Inspector Paul Scott told prosecuting counsel, Mr Dominic McGinn BL, that Ms Marie Richardson was in her home with her 15-year-old son Kevin when they heard a knock on the door.

She assumed it was assumed it was her husband who had gone to pick up their other son Ian (aged 17) from football practice. When she opened the door four masked men forced their way into the house.

One of them grabbed her by the throat and forced her up against the wall before she and her son were led into the sitting room.

One of the men was described as extremely heavily built and wearing a boiler suit which did not fit so he was forced to tie it around his waist. Another man was “sweating profusely” as he confronted the family.

The men then brought in a box containing a Uzi submachine gun, revolver, a knife and a polaroid camera.

A short time later Mr Richardson and Ian arrived home and were also brought into the sitting room.

When Ian saw the scene he had a panic attack and had to be given a paper bag to breath into. One of the raiders, armed with the revolver took Mr Richardson into a back room and told him that they wanted him to do.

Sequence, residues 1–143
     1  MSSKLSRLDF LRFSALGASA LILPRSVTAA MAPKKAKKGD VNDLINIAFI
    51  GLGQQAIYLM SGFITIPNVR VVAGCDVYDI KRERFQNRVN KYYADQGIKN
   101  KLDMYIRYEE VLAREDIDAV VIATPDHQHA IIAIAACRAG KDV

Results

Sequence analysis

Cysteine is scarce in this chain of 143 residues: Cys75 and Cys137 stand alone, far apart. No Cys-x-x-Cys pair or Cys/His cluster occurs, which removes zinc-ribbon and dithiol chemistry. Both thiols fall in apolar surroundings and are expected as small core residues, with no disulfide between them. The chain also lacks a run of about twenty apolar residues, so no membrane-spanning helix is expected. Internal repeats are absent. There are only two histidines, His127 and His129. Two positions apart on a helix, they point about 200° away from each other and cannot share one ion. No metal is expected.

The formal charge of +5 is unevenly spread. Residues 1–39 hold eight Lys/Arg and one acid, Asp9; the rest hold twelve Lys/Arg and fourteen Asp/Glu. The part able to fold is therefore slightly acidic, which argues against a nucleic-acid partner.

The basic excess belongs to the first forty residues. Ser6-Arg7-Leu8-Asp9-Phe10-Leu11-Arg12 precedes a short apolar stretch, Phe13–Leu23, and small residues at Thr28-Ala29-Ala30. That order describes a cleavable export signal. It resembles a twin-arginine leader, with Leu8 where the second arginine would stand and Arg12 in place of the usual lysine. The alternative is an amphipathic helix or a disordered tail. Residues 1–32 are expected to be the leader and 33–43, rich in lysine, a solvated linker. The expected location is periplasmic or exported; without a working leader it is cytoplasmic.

Mr Richardson later told gardaí the man seemed to have intimate knowledge of Securicor procedures and phraseology such as “buster button”. He also had what was either a Securicor walkie talkie or a Garda frequency scanner.

Mr Richardson agreed to do what the raiders told him but before he left the family were seated on the couch with an armed raider either side of them.

Polaroid pictures were taken of the raiders pointing their guns at the family. These pictures were then given to Mr Richardson so he could show his co-workers to prove his family were in danger.